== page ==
BEA also publishes the "implicit price deflator" (IPD), which is calculated as the ratio of current-dollar value to the corresponding chained-dollar value, multiplied by 100; the values of the IPD and of the corresponding "chain-type" price index are very close.

    For quarters and months, the estimates are presented at annual rates, which show the value that would be registered if the rate of activity measured for a quarter or a month were maintained for a full year. Annual rates are used so that time periods of different lengths--for example, quarters and years--may be compared easily. These annual rates are determined simply by multiplying the estimated rate of activity by 4 (for quarterly data) or by 12 (for monthly data).

    Percent changes in the estimates are also expressed at annual rates. Calculating these changes requires a variant of the compound interest formula:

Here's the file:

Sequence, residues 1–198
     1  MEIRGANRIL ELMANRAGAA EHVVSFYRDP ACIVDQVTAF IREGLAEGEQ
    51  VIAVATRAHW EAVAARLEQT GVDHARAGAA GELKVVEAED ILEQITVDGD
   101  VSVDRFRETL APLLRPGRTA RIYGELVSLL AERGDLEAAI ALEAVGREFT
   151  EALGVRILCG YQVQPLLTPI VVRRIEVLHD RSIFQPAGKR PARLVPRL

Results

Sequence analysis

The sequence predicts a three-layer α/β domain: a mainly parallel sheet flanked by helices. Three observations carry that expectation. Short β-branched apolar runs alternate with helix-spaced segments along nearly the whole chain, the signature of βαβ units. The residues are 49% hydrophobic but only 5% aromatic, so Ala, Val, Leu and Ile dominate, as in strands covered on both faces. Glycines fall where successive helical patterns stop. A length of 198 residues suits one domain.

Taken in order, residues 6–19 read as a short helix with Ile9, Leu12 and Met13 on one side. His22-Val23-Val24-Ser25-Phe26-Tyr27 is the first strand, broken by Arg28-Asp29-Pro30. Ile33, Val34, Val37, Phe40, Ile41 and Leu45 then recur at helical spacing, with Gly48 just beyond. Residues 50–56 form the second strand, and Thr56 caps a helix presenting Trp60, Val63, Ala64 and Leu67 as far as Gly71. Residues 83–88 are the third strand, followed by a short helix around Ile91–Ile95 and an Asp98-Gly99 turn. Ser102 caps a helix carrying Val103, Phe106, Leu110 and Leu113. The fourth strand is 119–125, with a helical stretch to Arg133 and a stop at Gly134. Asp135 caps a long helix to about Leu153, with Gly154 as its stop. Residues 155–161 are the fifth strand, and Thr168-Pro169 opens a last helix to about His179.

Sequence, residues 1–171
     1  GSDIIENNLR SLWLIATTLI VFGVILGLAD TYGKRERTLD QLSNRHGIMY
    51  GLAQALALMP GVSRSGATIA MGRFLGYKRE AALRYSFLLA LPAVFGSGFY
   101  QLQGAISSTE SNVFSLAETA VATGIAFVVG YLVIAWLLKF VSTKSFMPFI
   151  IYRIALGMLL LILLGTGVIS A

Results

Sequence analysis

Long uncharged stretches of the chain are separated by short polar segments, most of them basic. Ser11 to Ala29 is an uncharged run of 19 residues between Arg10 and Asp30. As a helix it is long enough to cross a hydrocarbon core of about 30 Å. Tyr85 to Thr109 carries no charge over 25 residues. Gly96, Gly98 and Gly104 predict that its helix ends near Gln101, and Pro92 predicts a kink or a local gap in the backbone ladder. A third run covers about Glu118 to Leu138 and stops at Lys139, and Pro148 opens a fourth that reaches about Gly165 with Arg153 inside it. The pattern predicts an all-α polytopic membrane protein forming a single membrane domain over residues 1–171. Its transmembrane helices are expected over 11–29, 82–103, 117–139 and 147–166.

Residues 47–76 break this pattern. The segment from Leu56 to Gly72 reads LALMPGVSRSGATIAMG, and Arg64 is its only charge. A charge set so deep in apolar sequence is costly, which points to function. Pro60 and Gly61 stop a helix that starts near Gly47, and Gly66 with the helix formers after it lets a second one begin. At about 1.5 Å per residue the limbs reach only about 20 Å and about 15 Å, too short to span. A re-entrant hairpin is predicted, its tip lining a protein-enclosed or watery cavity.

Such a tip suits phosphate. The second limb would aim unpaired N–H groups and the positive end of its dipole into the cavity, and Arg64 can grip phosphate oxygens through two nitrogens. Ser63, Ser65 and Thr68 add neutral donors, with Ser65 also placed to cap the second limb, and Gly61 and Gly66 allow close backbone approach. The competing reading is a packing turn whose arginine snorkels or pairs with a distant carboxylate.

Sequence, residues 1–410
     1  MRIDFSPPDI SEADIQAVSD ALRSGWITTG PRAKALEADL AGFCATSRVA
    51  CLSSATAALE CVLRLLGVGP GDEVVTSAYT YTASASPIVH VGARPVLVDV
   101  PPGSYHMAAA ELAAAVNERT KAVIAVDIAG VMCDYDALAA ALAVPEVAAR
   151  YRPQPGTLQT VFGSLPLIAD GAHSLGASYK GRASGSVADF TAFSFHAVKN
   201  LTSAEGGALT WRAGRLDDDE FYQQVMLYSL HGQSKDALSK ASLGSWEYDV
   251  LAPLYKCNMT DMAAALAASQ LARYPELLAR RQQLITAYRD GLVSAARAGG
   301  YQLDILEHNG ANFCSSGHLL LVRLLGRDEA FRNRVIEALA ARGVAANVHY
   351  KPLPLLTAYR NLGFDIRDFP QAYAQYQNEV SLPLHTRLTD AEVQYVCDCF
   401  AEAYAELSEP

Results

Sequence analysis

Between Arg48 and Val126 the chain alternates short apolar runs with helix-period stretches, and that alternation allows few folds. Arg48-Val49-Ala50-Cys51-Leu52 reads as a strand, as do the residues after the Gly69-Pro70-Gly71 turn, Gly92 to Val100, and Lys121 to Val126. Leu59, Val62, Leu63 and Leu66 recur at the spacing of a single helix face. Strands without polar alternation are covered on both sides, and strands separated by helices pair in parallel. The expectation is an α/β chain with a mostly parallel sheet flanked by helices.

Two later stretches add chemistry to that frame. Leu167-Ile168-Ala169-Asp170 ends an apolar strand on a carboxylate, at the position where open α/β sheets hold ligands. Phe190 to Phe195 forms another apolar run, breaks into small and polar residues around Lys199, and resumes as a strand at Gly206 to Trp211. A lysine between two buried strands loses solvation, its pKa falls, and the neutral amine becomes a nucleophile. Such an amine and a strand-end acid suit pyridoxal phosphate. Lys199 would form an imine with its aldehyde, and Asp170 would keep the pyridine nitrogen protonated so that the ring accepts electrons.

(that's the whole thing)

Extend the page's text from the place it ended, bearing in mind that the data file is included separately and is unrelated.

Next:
where r is the percent change at an annual rate;
        x t is the level of activity in the later period;
       x o is the level of activity in the earlier period;
       m is the yearly periodicity of the data (for example, 1 for annual data, 4 for quarterly, or 12 for monthly);
       n is the number of periods between the earlier and later periods (that is, t - o).

    Quarterly and monthly NIPA estimates are seasonally adjusted, if necessary. Seasonal adjustment removes from the time series the average impact of variations that normally occur at about the same time and in about the same magnitude each year--for example, weather, holidays, and tax payment dates. After seasonal adjustment, cyclical and other short-term changes in the economy stand out more clearly.




    Using the Enhanced Table Viewer (Java)   
    The Enhanced Table Viewer is a Java Applet which runs on your computer in your browser. It holds the row and column headings on screen as you browser through a table. It also allows you to display rows which you have selected and hide the other rows from view. In addition you can select rows using a checkbox and then graph up to 5 at a time. Or, you can graph all rows, 5 at a time.